And little by little we see how the lies about 'fairness' being instilled in the budget are bought crashing down, no wonder the Lib Dem's looked so glum. All the coalition did was re-write the past and instill fear of the future to make way for their terrible policies which, much as they like to claim, weren't 'unavoidable' at all.
Now I'm no economist, I've never studied it at all, so I'll leave all the fancy calculations to the clever people at the IFS (probably the most respected impartial source, I think most people would agree) and base much of what I say on their report. That's a better way than me make silly mistakes in trying to understand it myself.
Talking about Nick Clegg and Osborne claiming the budget is 'progressive' (i.e. will hit the richest hardest) the report says 'That claim is debateable' and in fact only holds true because the government were factoring in measures already taken by the previous Labour government and because it looked only a little into the future. It says if you look further into the future and discount changes Labour made (i.e. Look just at what the coalition has proposed) then the budget 'looks less progressive - indeed somewhat regressive' and will hit the poorest hardest. So really, the only good part of this budget is what Labour already did! George Osborne claiming the coalition was a progressive alliance was possibly the most humorous thing of the new government to date, more than Nick Clegg's undying nodding in the background. No-one agrees with Nick anymore.
And then we have the travesty of the idea to raise VAT, I expect these kind of 'hit the poor' ideas from the Tory's but to come from the Lib Dem's is the most hypocritical thing in the world, and for them now to claim 'they never ruled it out' would be funny if it wasn't such a bad shift towards the right for their party. (See the picture of the Lib Dem election poster below if you're not sure why.)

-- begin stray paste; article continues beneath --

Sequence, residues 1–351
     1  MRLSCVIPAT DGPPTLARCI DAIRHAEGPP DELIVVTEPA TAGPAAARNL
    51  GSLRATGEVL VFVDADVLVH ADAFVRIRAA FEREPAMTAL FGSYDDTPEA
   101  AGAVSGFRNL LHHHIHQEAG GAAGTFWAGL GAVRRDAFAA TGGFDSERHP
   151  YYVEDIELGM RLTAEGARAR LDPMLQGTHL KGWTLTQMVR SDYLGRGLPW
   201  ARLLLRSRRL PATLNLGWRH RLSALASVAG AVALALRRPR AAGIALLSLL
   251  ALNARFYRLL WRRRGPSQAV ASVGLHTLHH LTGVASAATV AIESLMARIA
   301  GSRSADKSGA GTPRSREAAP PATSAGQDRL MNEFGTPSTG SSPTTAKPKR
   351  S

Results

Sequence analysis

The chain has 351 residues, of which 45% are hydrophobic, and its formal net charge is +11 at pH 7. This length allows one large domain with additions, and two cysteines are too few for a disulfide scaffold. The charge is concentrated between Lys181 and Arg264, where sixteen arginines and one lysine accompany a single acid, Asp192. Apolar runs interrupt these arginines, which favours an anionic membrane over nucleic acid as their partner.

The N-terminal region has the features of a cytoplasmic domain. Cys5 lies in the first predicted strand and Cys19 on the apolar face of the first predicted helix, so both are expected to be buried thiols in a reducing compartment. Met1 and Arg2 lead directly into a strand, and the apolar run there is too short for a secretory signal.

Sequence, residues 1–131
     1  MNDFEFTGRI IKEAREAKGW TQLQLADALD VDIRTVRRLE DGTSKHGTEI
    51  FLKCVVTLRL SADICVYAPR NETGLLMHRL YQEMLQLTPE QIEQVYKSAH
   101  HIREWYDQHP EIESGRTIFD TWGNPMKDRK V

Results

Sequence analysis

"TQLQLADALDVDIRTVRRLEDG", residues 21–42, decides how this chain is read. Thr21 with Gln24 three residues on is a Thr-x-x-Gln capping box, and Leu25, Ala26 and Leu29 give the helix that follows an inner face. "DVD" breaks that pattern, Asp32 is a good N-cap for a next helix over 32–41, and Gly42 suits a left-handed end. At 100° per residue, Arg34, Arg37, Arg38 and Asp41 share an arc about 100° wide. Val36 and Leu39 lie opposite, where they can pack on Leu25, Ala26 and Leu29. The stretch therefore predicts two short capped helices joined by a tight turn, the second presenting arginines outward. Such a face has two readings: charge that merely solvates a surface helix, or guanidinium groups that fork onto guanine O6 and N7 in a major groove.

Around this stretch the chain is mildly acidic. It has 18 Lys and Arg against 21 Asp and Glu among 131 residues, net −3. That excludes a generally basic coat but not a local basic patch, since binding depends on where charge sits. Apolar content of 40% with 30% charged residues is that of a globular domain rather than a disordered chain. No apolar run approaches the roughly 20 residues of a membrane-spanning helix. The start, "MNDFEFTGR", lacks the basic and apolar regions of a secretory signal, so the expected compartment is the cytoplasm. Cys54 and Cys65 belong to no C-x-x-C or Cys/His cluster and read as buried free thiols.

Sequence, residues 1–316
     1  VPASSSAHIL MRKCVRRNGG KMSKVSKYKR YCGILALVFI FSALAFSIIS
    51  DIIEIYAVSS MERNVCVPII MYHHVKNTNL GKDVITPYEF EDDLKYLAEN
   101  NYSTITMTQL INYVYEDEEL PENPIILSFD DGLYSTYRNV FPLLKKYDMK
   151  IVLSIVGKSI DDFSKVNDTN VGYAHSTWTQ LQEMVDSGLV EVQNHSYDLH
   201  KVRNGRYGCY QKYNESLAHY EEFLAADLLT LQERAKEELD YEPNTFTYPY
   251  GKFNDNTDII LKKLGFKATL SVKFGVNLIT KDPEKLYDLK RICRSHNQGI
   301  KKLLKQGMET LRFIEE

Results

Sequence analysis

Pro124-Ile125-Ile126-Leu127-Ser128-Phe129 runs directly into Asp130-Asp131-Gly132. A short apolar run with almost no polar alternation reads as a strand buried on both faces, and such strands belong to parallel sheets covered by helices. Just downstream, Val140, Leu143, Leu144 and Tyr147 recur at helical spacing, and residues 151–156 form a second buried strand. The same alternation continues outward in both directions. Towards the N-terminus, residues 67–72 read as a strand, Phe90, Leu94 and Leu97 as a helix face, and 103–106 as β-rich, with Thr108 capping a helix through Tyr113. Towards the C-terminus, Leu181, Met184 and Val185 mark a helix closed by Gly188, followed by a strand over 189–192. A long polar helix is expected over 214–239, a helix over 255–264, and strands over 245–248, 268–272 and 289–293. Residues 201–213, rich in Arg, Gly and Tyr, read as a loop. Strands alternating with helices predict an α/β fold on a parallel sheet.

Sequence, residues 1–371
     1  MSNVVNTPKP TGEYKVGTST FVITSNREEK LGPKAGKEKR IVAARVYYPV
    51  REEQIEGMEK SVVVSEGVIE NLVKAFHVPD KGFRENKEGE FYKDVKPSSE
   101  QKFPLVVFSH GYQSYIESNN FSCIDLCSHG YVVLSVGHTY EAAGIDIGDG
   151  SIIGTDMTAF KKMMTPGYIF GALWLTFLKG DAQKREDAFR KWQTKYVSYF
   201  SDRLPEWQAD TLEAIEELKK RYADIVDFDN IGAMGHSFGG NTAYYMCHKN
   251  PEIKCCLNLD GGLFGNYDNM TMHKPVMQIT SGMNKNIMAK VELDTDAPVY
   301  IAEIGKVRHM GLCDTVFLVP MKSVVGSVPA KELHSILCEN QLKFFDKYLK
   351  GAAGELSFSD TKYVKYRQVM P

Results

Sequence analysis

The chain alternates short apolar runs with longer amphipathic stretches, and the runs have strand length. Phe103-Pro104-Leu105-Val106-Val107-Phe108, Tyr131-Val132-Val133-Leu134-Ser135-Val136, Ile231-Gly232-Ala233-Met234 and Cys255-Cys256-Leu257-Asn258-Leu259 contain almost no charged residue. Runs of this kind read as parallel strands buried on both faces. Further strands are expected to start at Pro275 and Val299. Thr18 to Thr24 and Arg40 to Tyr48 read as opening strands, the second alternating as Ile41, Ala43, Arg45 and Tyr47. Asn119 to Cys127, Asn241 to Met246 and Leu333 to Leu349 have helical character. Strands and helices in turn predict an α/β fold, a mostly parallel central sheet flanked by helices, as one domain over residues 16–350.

VAT is a regressive tax, it hits the poorest hardest because the lowest incomes pay a disproportionately higher percent of income on goods that are taxed, and now they'll be paying even more. Osborne said it was 'unavoiadable' and Clegg said it was either this or cut schools and hospitals. What a load of tosh. Its only 'unavoidable' for Osborne because of the £12bn of other tax cuts that he announced and the fact he didn't want to increase tax on the richest in a meaningful way. (That's also in the IFS report) There are plenty of taxes other than VAT which are a lot less regressive and could have been used to fill the hole if there was one, Income and National Insurance would surely have been better ideas than VAT?
It would be nice if some Lib Dem's refused to follow their Tory master and voted against the budget but somehow I don't see it happening, power's got to their head. And as for the Tory's, this isn't an unavoidable budget. We all accept cuts have to be made, but not in the way you're going about it. It's completely the wrong way and after your disasters over the last few years I don't see how anyone can trust them to make sound economic policy. Its an ideological budget, with the facade of being an 'emergency' one so as to soften us up for the horror to come in the spending review.